Week ending 4th June 2021.

Thankfully it was a holiday-shortened week as equity markets lacked direction as all eyes were focused on today’s (Friday 4 June 2021) US employment data.

As we reported on 7 May 2021 (please see here), April’s US employment data was a big disappointment after employment growth came in at just 266,000 versus economists’ expectations of a 1m gain – and as economists brushed this aside as an anomaly, given the strong string of other economic data readings, the same economists expected a strong May reading, with a 674,000 gain.

As it turned out, May’s report showed an employment gain of 559,000 – while this is below the consensus estimates, we don’t believe it is a bad result:  it was only a moderate miss and it clearly highlights that employment growth is picking up.

However, as we explained last month, this ‘bad news’ is actually good news, as it should hopefully ease the markets’ recent concerns about out-of-control inflation.  In fact, this data reading adds to our conviction that the current inflationary pressures will prove temporary and as such, the Fed (along with other central banks, such as the BoE, ECB and BoJ) will remain accommodative by keeping interest rates low.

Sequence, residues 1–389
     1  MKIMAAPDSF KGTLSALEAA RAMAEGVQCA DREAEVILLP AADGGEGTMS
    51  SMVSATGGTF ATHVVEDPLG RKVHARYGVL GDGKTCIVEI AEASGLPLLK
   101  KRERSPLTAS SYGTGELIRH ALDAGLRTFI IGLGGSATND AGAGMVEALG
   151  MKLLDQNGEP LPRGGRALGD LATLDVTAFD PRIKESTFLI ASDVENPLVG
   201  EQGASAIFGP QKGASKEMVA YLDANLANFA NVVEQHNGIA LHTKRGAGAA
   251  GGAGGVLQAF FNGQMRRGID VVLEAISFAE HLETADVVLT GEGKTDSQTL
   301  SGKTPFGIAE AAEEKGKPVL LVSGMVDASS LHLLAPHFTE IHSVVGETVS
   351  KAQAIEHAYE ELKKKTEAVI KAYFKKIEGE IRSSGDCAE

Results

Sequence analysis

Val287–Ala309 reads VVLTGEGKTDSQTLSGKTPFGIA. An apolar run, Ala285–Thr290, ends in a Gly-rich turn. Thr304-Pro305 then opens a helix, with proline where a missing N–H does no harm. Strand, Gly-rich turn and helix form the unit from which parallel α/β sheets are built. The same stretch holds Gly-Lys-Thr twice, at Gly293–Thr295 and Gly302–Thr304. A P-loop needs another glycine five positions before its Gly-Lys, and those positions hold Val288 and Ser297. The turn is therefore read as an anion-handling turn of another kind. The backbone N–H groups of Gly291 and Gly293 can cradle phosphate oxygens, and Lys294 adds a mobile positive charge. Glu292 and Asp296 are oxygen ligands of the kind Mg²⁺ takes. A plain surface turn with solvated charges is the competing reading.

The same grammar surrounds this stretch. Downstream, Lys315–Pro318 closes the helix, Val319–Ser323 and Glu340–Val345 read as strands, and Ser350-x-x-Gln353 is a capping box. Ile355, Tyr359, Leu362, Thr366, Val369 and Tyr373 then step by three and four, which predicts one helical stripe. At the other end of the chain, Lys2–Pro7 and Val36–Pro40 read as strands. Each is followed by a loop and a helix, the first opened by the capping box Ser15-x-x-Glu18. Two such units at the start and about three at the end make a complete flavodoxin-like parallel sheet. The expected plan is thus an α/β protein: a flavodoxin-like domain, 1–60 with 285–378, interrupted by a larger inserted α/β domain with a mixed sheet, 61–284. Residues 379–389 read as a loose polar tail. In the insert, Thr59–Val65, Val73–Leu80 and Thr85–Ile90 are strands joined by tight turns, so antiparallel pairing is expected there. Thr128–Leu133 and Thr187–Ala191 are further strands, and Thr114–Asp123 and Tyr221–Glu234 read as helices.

As a consequence, aside from the usual everyday risks such as an escalation of geopolitical tension with China or Iran; or a new coronavirus variant, we see it hard to find a reason why global equity markets can’t make progress in the coming months.

Focusing on the week ahead, we have UK Industrial & Manufacturing data along with GDP for April; US & Chinese CPI inflation readings; the University of Michigan Consumer Expectations Index; Chinese trade data; and an ECB monetary policy meeting.

Investment Management Team

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